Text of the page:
We tried to follow their tracks, since its so rare to see a Moderate in the wild, but the tracks eventually disappeared into the deep snow, leaving us to muse that, in the Canada of our youth, Moderates were everywhere- their range extending Canada wide- from the great boreal forest, tp the the Canadian Shield and beyond- even occasionally being spotted in Ottawa. What had caused their decline, we wondered ?

So we continued our walk, wistful that we had missed a rare sighting, but gladdened by the knowledge that untamed, free-range Moderates continue to exist in the wilderness at our back door. My wife, always with a soft spot for wildlife, suggested that we should leave some food out for them, but I’m against it-let them live as nature intended, I say.

Then again, to settle the debate, perhaps I should try to solicit some feedback from our friendly neighbourhood Facebook group?

Categories: Environment, Etiquette & manners, Nature, Parks, Reflections | Tags: , , | Leave a comment

Life in the slow lane

Reminiscing about the halcyon days of summers past is one of the better ways to ward off the seasonal blahs of mid-winter, especially since back surgery has robbed me of the ski season. Keeping me warm beside the fire recently have been fond memories of  our  years as ‘narrowboaters’ on the canals of  Great Britain.

For the uninitiated, narrowboats are essentially long skinny houseboats. (never  more than 7 feet wide, and up  to 70 feet long- ours was a 56 footer)dscf3319-xl They are descended from the working canal boats that plied the rivers and canals of the UK at the dawn of the industrial revolution. The canals, once the transportation backbone of the nation, re-emerged as a recreational marine network, as the commercial importance of the canals faded with the advent of rail and road transport, and people began converting the old work boats into pleasure craft. Modern narrowboats are purpose built for recreational living.

As a form of summer recreation narrowboating is sublime. With all the comforts of home packed between the gunwales, you perch on the small rear deck of the boat,dscf3449-xl and putter through the English countryside at a sedate 3 miles per hour; about the pace of a brisk walk. We seldom covered more than a couple of hundred miles on a two week cruise, and typically chose a ‘ring’ -a route along several intersecting canals that would eventually lead us back to our starting point without re-tracing our steps.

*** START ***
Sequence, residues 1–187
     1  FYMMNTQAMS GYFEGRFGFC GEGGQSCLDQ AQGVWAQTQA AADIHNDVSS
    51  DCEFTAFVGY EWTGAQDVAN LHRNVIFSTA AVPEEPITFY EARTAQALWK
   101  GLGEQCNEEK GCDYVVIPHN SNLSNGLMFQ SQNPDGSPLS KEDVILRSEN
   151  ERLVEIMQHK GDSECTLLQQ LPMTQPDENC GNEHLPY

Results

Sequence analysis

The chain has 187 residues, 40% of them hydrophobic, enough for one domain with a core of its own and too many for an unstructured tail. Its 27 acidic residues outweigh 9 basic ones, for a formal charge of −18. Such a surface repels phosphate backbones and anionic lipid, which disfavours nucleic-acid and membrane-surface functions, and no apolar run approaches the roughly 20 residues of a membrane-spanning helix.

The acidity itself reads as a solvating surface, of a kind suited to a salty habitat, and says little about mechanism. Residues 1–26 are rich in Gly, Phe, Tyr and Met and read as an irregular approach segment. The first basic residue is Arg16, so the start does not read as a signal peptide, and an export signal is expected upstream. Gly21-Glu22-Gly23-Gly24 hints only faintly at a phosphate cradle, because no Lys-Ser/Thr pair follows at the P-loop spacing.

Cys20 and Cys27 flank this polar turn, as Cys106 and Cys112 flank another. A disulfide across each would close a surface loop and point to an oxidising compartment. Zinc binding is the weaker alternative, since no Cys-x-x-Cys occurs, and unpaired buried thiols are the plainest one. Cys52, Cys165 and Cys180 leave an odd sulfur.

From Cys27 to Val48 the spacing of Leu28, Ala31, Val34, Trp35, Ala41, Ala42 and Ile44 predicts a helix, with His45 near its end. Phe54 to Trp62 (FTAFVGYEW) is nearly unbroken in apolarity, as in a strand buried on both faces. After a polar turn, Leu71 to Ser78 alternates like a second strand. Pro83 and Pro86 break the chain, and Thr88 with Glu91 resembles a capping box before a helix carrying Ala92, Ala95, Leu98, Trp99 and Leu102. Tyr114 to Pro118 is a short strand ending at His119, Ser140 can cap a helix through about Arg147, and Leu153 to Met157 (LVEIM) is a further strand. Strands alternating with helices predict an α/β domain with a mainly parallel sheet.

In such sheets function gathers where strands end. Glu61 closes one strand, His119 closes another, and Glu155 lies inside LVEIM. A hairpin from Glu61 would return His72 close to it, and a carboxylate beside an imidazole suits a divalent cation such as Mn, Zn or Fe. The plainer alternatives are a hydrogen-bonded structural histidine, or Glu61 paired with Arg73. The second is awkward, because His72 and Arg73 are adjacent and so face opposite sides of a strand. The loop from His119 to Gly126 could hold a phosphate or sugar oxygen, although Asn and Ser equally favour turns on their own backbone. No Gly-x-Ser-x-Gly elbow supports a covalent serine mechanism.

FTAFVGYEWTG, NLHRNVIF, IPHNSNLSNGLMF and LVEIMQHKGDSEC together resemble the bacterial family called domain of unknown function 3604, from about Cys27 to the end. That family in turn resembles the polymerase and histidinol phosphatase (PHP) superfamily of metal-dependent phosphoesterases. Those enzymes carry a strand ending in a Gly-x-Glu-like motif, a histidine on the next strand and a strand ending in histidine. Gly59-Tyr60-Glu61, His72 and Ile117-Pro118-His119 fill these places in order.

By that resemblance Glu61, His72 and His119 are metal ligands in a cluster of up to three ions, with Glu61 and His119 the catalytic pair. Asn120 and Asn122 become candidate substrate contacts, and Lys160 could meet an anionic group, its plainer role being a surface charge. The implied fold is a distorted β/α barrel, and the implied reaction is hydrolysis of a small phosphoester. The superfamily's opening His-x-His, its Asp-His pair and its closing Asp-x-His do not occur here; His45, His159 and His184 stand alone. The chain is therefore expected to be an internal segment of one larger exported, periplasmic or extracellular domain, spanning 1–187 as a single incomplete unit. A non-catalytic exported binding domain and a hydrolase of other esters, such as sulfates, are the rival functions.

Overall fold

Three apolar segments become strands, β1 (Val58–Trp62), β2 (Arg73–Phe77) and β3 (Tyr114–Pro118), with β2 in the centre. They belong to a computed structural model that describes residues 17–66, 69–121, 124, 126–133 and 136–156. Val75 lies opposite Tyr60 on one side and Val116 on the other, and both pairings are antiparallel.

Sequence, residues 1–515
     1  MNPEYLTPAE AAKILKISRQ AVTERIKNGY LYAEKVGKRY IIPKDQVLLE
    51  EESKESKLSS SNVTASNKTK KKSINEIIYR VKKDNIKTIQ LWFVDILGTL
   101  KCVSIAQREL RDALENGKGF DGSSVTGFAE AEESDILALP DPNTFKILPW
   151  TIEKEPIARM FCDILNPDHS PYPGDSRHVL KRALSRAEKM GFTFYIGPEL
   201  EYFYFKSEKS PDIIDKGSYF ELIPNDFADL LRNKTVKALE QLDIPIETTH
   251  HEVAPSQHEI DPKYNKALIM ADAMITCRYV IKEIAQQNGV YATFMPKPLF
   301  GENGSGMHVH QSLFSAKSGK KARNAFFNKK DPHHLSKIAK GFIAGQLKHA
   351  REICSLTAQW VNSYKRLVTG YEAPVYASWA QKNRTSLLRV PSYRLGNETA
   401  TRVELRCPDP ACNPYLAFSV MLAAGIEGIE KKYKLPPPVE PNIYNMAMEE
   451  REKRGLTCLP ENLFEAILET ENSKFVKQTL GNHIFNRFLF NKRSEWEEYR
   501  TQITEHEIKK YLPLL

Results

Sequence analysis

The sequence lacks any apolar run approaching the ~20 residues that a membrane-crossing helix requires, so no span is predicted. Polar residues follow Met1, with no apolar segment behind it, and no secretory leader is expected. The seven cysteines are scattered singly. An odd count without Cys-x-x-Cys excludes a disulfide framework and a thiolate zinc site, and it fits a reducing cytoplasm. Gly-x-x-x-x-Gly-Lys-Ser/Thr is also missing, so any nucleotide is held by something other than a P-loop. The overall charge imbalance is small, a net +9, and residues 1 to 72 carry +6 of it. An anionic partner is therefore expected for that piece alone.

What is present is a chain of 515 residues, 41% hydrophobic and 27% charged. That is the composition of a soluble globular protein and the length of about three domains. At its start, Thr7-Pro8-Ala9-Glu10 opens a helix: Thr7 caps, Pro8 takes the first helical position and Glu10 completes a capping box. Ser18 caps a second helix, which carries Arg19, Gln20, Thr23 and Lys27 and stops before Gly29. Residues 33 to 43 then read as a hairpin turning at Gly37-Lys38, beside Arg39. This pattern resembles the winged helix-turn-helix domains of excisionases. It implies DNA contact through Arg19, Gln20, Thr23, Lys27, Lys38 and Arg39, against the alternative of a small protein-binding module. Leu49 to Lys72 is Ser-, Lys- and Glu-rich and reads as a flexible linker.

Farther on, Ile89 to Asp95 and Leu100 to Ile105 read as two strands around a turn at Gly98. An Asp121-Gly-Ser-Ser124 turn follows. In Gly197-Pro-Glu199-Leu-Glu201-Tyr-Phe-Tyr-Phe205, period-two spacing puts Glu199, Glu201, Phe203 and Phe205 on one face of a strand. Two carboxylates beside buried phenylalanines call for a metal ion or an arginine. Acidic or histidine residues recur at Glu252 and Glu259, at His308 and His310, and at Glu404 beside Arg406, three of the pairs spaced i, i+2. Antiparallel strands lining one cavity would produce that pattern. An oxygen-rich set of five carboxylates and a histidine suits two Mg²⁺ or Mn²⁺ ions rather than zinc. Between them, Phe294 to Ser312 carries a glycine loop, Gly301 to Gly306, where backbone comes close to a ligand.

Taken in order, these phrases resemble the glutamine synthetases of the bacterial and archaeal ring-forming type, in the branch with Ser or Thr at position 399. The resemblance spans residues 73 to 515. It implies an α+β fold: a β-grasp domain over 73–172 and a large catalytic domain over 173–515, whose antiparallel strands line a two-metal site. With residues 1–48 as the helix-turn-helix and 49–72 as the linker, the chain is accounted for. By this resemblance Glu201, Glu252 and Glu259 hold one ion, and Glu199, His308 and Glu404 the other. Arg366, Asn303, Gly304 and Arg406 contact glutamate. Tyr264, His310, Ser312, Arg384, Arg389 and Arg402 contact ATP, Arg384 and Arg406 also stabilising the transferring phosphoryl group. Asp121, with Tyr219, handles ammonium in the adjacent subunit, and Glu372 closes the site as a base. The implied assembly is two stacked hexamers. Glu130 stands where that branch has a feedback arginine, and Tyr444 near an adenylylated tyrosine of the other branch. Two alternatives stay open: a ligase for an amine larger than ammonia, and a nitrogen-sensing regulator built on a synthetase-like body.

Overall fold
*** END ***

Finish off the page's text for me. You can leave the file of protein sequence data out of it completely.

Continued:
Although equipped with TV and radio, we preferred to keep them off, shutting out the modern world and slowing ourselves down to the pace of the 19th century, where the original narrowboats were horse drawn. The tow path, once reserved for draft horses, remains in the public domain enjoyed by runners, ramblers and dog walkers, and by boaters  who are entitled to moor for free on the tow path. We would find a likely spot, typically a shady rural spot with pastoral views, pull into the bank, bang a steel peg into the ground fore and aft , and wind our mooring  lines around them.

The canals meander through some of the most picturesque rural countryside that England has to offer. It glides slowly by all day, an ever-changing panorama of country life, from half timbered farm house to grand estates, quaint villages, and ancient canal side pubs.

It is hard to find a more deeply relaxing vacation than a fortnight on a slow moving narrowboat, unplugged from the internet, your body and your mind slowed to the tempo of life on the canal. dscf3139-xl

Categories: Environment, Reflections, Travel | Tags: , , , , , | Leave a comment

All aboard the climate change bandwagon!

Whistler has just sent a demand letter to a major Alberta oil company seeking compensation for the extra costs incurred by the municipality because of climate change. Now that is a bandwagon I can climb aboard!-here’s a draft of my own demand letter to Big Oil: Continue reading

Categories: Environment, humour, Reflections, Travel | Tags: , , , , , | 1 Comment

Is it too much to ask?

My heart sank this morning when I heard that a fuel barge with millions of litres of fuel on board was in danger of grounding itself  on the shores of the Goose Group, a tiny, uninhabited group of islands that lie offshore of the remote stretch of the  BC coast known as the Hakai. Continue reading

Categories: Environment, kayaking, Nature, Travel | Tags: , , , | 2 Comments